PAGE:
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Rhode Islander’s Lawsuit To Block Legal Sports Betting Could Backfire

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A Rhode Island man trying to halt legal sports betting may unintentionally open the state to more forms of online gambling. That’s if his appeal of a Rhode Island sports betting lawsuit goes poorly.

A decision by RI’s highest court in favor of the defendants could set a strong precedent. It would fly in the face of the plaintiff’s argument.

What’s the deal with the RI sports betting lawsuit?

When Rhode Island legalized sports betting, it did so with a legislative act. The plaintiff in this litigation, Daniel Harrop, of Providence, took offense at the measure.

He filed suit against the state government, arguing that the law is unconstitutional. He maintains that the RI Constitution says that voters must approve any expansion to legal gambling.

The Providence Superior Court initially dismissed his complaint, stating he had no standing to bring the claim because the already ongoing wagering had done him no actual harm. Harrop wasn’t defeated, however.

He later returned to the court with proof that he had lost money on a wager that he should never have been able to place. That gave him sufficient standing and the court proceeded.

Last week, the Providence Superior Court dismissed his case again. Judge Brian Stern ruled that when the state’s voters approved casino gaming in 2012, they allowed the legislature to expand upon those offerings.

Because all legal RI sports betting runs through the state’s two casinos, even the online wagering, Stern saw it as another offering by those operators. Again, Harrop hasn’t ceded defeat, however.

Harrop’s next step in his crusade

Harrop said he will play the only card he has left, and appeal to the RI Supreme Court.

Last week, Harrop insinuated that Judge Stern might have had personal ambitions in his ruling:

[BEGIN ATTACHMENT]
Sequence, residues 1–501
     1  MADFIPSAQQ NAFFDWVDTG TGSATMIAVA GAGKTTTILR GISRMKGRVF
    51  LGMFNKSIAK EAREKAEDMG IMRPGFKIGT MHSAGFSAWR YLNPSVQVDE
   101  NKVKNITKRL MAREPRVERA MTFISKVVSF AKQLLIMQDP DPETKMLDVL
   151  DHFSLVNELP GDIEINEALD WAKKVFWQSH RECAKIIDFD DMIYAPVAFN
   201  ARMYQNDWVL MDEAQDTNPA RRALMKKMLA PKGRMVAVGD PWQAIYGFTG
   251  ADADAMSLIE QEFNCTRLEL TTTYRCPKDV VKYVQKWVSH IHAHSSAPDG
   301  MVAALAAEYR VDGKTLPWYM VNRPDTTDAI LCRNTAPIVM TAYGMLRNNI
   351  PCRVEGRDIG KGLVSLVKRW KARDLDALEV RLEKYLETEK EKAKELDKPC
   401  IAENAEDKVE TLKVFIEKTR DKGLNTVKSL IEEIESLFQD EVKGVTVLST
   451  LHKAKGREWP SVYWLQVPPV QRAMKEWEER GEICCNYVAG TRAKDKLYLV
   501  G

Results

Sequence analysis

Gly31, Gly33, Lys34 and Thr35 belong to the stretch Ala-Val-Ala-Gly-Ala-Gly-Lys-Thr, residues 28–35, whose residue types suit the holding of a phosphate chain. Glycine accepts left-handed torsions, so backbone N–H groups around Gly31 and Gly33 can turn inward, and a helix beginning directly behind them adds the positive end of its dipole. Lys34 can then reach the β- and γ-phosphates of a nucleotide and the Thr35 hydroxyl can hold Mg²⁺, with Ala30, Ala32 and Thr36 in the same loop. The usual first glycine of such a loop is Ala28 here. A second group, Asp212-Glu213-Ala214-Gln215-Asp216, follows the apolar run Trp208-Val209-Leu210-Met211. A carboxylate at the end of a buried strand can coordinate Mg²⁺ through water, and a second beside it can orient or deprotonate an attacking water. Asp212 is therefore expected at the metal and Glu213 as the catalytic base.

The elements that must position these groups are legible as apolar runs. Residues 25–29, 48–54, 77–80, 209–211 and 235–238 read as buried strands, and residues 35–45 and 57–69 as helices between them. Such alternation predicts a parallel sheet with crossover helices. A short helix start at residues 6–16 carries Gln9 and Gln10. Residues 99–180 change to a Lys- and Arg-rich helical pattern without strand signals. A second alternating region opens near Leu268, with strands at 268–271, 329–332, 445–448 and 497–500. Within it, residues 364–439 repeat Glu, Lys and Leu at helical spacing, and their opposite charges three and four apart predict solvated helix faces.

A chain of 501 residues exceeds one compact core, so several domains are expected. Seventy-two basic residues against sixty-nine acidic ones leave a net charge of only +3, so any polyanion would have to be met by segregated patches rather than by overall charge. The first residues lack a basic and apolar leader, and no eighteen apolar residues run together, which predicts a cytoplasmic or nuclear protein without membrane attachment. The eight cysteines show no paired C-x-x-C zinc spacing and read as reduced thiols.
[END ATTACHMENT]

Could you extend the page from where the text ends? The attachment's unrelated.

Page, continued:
“Yes, already in the works. We always expected this would [go] to the Supreme Court in Rhode Island. It’s a tough pull for a Superior Court judge (who might like to be a Supreme Court judge at some point) to find errors in the actions of the governor (who nominates Supreme Court judges) and the General [Assembly] (that confirms such). The supremes do not have that personal issue.”

It’s unclear when the RI Supreme Court will hear the case. Until then, legal wagering continues in RI without much regard for Harrop’s complaint.

Just like at the Superior Court level, Harrop will ask the RI Supreme Court for two things.

First, he wants the court to halt all legal wagering in the state.

Secondly, he wants the court to force the state to hold a referendum on whether to allow legal sports betting. The court could grant his request on the referendum without issuing an order to temporarily cease betting, grant both requests, dismiss Harrop’s complaint or rule in the defendants’ favor.

However, if the court finds for the defendants, it could affect much more than just legal wagering in RI. It may open the door for more online gambling.

Supreme Court precedents are strong

At the federal or state level, a decision by the Supreme Court does more than decide immediate disputes. Such rulings also act as precedents to guide parties on future matters.

If the RI Supreme Court rules strongly enough for the defendants, it could create a strong precedent that the RI assembly and governor have the authority to expand legal gambling without voter approval. That could come into play if the state ever considers online slots and electronic versions of casino table games.

In theory, as long as those games operating at the state’s two casinos, it would be no different than online sports wagering. Harrop’s complaint could be the catalyst for creating this scenario.

There’s no public push for more gambling expansion now, but that may change. If the casinos in RI ever do offer online slot play, they may have Harrop to thank for that.

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About

Derek Helling is a freelance journalist who resides in Kansas City, Mo. He is a 2013 graduate of the University of Iowa and covers the intersections of sports with business and the law.

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